A room remains chilled even when the working heater is on full blast. Children laugh – in the dead of night – when everyone’s asleep. Shadowy figures move across an empty room. Do you believe in ghosts? The paranormal? Whether you believe or not, you might just come away thinking a little bit differently after learning more about the 10 most haunted places in Pittsburgh:
1. Broughton School
Psst. Please don't leave me. Could you – would you – leave if you heard such a phrase uttered by children heard but not seen? Children's voices and footsteps are frequently heard at the long-empty Broughton School in South Park and Room 216, in particular. Built on land where citizens perished during the Whiskey Rebellion and rebuilt after the original school was destroyed by gunfire, the Broughton School has won attention from paranormal investigators for its eerie happenings, including doors spontaneously opening and shutting, children crying, and figured shadows racing from room to room.
2. Carnegie Library of Homestead
Books spontaneously fly off the shelves. Loud female giggles drift from the basement to the upstairs library. Gregarious voices rise above the silence – but no one is there. Images of steelworkers, still dressed in their work clothes, pace back and forth. Visit the Carnegie Library of Homestead, originally built as a gift to local steelworkers, and you may just experience paranormal activity firsthand. Why the library is said to be haunted remains murky. Some say the haunting dates back to the late 1800s when a steel worker mysteriously drowned in the library's outdoor pool.
3. Pittsburgh Playhouse
Enjoy just as much drama off stage as you do on stage at Point Park University's Pittsburgh Playhouse. Rich with history that rivals that of a modern day soap opera, the playhouse was once a brothel and another time a church. Listen closely, especially in the evenings, and you just might hear the low wailing of a woman, now known as Weeping Eleanor, who died along with her daughter in a fire that destroyed their home, where the Playhouse now sits. Theatergoers have also spoken of seeing the silhouette of a Lady in White traipsing back and forth on the balcony, the site where on her wedding day she shot and killed her new husband and his mistress before jumping off the balcony to her own death.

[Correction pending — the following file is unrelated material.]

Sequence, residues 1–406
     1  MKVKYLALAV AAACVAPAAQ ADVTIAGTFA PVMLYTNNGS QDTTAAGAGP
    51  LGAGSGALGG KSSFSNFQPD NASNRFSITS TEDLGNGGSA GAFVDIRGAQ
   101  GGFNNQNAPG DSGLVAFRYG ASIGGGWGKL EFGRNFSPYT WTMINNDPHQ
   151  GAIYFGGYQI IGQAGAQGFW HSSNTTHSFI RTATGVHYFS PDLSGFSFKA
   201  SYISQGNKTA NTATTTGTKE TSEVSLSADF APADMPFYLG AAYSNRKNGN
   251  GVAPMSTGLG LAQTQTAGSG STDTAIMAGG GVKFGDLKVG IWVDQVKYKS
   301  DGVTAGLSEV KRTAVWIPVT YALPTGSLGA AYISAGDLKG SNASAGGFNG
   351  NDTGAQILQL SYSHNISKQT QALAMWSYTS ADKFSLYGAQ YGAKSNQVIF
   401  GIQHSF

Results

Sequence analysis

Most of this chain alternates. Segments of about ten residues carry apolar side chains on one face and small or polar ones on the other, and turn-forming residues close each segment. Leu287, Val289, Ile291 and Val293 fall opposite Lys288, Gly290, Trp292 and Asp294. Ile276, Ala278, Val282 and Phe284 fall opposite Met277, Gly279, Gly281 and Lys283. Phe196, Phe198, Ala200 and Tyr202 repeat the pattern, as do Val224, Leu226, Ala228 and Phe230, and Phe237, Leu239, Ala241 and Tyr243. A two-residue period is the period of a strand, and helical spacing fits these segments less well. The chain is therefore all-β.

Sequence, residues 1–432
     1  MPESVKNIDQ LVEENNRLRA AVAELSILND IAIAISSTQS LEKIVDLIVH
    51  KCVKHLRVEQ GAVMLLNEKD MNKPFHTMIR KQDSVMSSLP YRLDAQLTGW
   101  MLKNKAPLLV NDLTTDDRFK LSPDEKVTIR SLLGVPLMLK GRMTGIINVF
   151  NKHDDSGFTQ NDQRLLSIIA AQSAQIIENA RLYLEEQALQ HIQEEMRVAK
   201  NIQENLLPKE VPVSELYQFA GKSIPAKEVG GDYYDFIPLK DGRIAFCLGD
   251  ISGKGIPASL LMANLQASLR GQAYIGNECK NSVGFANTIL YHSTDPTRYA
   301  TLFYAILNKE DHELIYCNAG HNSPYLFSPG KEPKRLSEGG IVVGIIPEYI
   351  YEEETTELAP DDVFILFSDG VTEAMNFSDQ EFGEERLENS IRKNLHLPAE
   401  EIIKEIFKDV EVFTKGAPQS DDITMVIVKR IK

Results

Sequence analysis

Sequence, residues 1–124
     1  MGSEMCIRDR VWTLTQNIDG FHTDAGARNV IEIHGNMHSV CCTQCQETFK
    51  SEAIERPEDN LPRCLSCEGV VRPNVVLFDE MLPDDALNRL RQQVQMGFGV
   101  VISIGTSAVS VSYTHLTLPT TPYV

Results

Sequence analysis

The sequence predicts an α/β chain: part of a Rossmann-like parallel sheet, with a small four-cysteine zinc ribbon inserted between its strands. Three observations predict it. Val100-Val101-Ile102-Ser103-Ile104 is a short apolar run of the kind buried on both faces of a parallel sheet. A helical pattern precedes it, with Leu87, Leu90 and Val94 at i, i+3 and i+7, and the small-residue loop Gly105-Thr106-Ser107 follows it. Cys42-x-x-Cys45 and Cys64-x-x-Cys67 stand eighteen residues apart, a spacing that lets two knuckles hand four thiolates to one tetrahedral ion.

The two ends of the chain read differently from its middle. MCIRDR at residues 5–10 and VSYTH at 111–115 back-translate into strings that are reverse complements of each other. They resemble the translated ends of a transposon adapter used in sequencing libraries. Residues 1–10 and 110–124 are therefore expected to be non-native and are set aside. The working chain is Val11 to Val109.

4. Chatham University
She purportedly lived her life tortured by mental illness and sought treatment at an institution where the university now stands. After her death, the Blue Lady of Woodlawn Hall regularly roams the halls, wearing a blue dress that glows, staring at students, often as they wake in the morning. Perhaps the most haunted place in all of Pittsburgh, Chatham University boasts so much paranormal activity that it spawned a popular ghost tour of the university grounds. Along with the Blue Lady's antics, such paranormal activity as lights staying on after they've been off, doors slamming, and windows opening and closing spontaneously have been reported on Chatham's vast campus grounds.
5. Old Allegheny County Jail
For some the only way out of the Old Allegheny County Jail was death. One such death occurred, as a suicide, at the old jail in the early 1900s. The inmate reportedly haunted the cells in the block where he committed suicide, unhappy that even in death he was still trapped in his cell. Prisoners began hearing the former inmate wailing in despair, causing them so much stress that they begged their warden to move them to cells in another area of the jail. The warden complied. The Old Allegheny Jail is now part of the Allegheny County Courthouse.